In both situations, I copy the recorded tracks over to a much newer Lenovo Win 10 laptop, and do my post-processing in Cubase and Ozone.
Old 15th November 2018
  #12
Lives for gear
 

The original post was re: laptop recording (yay Reaper!). But....I'd rather use my JoeCo if I can, and not a computer...
Old 15th November 2018
  #13
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Brian Campbell's Avatar
 

I used to run Pro Tools on a (heavily tweaked) Lenovo W500 quad core with an RME UFX, now I'm running the UFX with a 2010 Macbook Pro i7 (Mavericks).
Still running PT10HD no problems. Not in to the constant upgrade thing. Always running the RME USB backup but have never needed it.

Anyway sorry to hear about your troubles. I've heard that Boom Recorder is solid, been meaning to try it.
Old 15th November 2018
  #14
Lives for gear
Quote:
Originally Posted by 2manyrocks View Post
If they would only make a Linux version of Reaper, it would be even more super stable and fast even on an old laptop.
REAPER | Download

3 Linux downloads now available, see link above, 32 and 64 bit and another....claimed to be experimental, but why not give it a try and report back here ? Been available for the last 4-6 months I think....download tab directly below the usual Win and Mac ones.
Old 15th November 2018
  #15
Gear Addict
 
fred2bern's Avatar
 

here, for live recordings:
1x Gigabyte with SSD, Windows 8.1 and Samplitude Prox3 Suite with an RME UFX also used as a Backup recorder.

In sessions:
2x Gigabyte with SSD, 2x Windows 8.1 and Samplitude ProX3 suite with one Madiface XT for the main computer and a direct backup from this interface to the second computer via a Madiface Pro.

Fred
Old 15th November 2018
  #16
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Gaston69's Avatar
MERGING HORUS with HP Z420 Pro Tools 2018.10 as main recorder 32bit/96kHz

Backup

Macbook Pro 17" Core Duo Mid 2009 with Boom Recorder

All via Ravenna AES67 and a Cisco switch
Old 15th November 2018
  #17
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jimjazzdad's Avatar
Another vote for Reaper. I use it on a very ordinary HP laptop running 8.1 and it has never failed me.
Old 15th November 2018
  #18
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Reaper here too, on either 2010 15" MacBook Pro or Lenovo with Audiofire interface and TI cardbus pcmcia ....old but reliable !
Old 15th November 2018
  #19
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I abandoned Logic 12 years ago because it was smarter than I was. I have a Studio One 3.5 that provides everything I need or want from tracking, mixing, mastering and distribution. I had no idea Reaper was so popular but the fact is I have not had a reason to leave Studio one over the past 12 years.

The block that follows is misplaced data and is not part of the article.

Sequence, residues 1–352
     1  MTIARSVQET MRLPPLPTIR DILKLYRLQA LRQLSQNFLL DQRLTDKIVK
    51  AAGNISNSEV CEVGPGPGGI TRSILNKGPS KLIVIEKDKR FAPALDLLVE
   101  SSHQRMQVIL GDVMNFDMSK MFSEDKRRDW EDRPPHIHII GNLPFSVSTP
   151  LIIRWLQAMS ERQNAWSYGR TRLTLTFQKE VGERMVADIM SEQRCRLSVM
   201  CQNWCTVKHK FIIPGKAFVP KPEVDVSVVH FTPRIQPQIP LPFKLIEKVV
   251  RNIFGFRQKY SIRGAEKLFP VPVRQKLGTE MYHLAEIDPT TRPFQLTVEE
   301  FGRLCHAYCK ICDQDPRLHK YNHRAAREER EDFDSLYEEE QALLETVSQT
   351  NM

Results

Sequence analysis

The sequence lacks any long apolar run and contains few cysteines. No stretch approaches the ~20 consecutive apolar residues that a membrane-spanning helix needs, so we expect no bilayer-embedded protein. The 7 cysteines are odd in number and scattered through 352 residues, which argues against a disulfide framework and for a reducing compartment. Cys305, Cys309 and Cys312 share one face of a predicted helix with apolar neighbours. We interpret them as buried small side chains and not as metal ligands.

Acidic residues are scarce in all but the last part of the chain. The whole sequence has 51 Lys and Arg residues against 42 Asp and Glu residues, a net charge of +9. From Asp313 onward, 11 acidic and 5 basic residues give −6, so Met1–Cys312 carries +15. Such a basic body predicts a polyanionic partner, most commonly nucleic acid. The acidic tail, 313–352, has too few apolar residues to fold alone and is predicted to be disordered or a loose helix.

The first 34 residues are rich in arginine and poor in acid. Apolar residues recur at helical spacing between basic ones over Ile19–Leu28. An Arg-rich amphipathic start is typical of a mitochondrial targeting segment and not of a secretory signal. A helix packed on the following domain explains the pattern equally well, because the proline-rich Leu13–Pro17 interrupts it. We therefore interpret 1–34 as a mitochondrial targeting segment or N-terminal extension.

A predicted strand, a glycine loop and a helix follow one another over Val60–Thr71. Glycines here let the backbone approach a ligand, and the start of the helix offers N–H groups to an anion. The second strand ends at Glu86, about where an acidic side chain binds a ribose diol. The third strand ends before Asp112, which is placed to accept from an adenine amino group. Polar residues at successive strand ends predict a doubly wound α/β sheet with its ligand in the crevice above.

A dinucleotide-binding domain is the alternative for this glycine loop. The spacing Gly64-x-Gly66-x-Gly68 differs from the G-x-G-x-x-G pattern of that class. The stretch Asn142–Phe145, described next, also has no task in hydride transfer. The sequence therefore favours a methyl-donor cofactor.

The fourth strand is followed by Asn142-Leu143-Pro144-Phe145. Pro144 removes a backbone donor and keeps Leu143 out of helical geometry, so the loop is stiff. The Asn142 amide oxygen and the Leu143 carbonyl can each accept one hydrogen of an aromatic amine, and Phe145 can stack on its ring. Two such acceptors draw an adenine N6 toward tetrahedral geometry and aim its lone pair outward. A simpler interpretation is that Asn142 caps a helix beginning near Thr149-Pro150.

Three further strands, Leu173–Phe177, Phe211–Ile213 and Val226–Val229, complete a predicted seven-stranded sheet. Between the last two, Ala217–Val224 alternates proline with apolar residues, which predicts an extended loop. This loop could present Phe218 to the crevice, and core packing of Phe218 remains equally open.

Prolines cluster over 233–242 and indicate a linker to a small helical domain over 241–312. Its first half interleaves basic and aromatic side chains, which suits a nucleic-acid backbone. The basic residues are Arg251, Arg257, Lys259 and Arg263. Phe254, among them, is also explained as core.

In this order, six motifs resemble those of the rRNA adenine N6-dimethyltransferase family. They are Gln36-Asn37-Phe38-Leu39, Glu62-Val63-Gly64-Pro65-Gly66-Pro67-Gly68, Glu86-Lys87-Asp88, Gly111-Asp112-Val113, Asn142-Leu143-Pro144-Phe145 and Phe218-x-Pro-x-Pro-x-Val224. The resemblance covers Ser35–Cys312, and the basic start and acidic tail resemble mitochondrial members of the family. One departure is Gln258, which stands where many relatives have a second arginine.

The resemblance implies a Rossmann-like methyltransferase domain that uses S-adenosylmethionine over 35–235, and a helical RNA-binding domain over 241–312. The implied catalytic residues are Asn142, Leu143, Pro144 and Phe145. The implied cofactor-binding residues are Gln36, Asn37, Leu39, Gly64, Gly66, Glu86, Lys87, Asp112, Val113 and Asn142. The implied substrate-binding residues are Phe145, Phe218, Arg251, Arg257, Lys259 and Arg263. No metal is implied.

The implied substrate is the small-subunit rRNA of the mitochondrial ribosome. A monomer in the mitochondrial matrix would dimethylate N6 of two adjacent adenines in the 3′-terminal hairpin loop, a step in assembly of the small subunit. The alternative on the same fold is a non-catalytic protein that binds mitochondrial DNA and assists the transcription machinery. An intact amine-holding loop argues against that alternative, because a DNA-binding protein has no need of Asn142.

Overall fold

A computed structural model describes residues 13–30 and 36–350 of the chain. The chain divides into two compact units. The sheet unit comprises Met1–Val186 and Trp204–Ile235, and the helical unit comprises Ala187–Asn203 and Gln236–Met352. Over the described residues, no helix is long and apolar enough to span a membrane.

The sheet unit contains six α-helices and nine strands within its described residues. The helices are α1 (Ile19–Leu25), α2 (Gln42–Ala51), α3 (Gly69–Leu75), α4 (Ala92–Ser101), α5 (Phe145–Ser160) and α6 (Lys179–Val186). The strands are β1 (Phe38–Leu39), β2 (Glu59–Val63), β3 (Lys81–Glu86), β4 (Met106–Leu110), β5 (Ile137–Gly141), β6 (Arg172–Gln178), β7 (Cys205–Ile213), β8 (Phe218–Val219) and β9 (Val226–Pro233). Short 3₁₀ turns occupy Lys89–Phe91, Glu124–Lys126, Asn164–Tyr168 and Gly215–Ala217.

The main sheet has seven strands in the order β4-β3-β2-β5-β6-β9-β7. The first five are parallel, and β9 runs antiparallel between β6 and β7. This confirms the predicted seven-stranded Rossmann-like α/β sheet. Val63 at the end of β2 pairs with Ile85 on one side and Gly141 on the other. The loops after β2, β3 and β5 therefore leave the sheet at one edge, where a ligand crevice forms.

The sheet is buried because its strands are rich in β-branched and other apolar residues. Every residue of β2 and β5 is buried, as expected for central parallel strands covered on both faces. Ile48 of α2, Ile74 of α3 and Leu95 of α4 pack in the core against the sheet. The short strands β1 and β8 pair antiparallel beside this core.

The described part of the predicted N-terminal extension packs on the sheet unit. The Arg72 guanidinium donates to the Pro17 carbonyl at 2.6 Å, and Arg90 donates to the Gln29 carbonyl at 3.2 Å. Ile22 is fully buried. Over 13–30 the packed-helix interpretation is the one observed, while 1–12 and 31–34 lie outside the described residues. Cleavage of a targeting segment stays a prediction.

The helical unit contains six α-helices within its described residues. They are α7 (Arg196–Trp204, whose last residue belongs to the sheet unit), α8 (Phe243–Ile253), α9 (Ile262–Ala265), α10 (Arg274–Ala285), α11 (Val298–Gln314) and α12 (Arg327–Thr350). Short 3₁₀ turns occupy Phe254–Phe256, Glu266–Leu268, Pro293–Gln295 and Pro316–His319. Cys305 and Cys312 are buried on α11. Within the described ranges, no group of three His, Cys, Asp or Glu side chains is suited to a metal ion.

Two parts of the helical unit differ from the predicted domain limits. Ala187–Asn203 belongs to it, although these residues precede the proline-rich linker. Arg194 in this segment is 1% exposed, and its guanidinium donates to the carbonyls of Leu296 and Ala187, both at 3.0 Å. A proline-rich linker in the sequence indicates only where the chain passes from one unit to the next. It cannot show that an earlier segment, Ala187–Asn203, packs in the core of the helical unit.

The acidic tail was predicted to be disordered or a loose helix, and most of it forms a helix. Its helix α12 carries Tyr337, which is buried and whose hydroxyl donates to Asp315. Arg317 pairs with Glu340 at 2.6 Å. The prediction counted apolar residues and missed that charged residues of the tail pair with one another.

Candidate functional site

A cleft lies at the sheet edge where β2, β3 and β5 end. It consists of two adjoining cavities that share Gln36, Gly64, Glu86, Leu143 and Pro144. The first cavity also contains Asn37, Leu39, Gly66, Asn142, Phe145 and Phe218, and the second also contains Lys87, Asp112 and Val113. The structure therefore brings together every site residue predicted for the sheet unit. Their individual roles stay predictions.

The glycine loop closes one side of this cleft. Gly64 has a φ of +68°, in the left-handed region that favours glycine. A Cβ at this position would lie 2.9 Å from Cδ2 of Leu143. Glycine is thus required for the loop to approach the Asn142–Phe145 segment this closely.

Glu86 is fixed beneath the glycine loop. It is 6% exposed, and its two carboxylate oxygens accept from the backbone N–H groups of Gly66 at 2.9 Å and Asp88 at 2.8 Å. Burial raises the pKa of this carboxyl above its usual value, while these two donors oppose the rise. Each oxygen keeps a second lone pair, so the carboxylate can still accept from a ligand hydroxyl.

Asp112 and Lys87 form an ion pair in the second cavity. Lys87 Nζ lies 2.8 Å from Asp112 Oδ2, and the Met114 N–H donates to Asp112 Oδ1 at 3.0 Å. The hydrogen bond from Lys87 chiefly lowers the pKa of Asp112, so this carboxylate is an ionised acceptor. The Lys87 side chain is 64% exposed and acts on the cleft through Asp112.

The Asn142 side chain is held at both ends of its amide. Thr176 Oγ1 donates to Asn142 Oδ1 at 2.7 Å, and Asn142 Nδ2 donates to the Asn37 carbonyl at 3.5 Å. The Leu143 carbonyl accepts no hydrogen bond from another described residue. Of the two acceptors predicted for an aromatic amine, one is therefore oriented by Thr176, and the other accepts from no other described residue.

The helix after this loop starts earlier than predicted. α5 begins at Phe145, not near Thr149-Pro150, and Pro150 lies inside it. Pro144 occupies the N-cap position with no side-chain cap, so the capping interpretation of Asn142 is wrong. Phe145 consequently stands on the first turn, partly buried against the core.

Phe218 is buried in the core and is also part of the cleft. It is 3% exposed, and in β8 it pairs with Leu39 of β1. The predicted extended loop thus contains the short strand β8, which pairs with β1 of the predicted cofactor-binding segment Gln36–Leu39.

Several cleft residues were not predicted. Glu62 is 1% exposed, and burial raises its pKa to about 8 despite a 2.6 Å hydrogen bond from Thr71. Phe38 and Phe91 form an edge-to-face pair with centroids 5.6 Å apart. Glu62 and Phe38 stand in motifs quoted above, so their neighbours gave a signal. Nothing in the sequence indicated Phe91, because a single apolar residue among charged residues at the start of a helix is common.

Hugh
Old 15th November 2018
  #20
Lives for gear
Quote:
Originally Posted by studer58 View Post
REAPER | Download

3 Linux downloads now available, see link above, 32 and 64 bit and another....claimed to be experimental, but why not give it a try and report back here ? Been available for the last 4-6 months I think....download tab directly below the usual Win and Mac ones.
Thanks. Image the possibilities of being able to use Reaper with Ubuntu on pretty much any computer without the hassles of MS or Apple.
Old 15th November 2018
  #21
Gear Guru
 
Brent Hahn's Avatar
 

Before I read the first post in this thread I had never heard of Boom Recorder. Spent a little while messing with the demo yesterday. It works, but it doesn't have an edit screen or a timeline or any of that, you just have files landing in a folder. And it costs 4X as much as Reaper.
Old 15th November 2018
  #22
Gear Maniac
 

As a bit bucket, Boom Recorder has been flawless for me for probably close to a decade. Primarily use it with RME hardware and Totalmix for monitoring.

In cases where I don't use RME, I've been using Waves Tracks Live which has also been flawless and allows for basic monitoring etc.
Old 15th November 2018
  #23
Gear Addict
 

Reaper here. Admittedly, a big reason is school budget, but it's been excellent.
Old 15th November 2018
  #24
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tourtelot's Avatar
Okay, I have Reaper and it may just be time to throw in the towel on PT. I believe that it will function with Artist Mixes as controllers using Eucon which eliminates me packing a large panel.

I have it, I bought it, I'll try it.

Also maybe Waves Tracks Live

Thanks all.

D.
Old 15th November 2018
  #25
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Boom Recorder came out in another time and place when very reliable timecode based multitrack recording with metadata entry wasn't very available to video location sound recordists (ie dialog). It is more expensive than Reaper, yes, but it was far cheaper than its competitor, "MetaCorder" doing more or less the same thing. It was great until companies like Sound Devices started making recorders with more tracks, and then it wasn't worth the hassles of dealing with a computer on location so much anymore. Here is a pic of part of a very lowbudg combi-multitrack rig in action in 2010. 2 laptops running 2 Boom Recorders (and below this in the rack, a JoeCo and a 744T) all clocked together. It was ok, it worked, even with the very slow laptops shown here. But today I'd do this with 2 JoeCos. I've had very good luck with Reaper and an older laptop recording shows where the only feed available was USB or Dante etc. BR would work too, but just like folks recording in PT, if you record in your DAW app when you are done recording your files are already in your DAW, saving a step.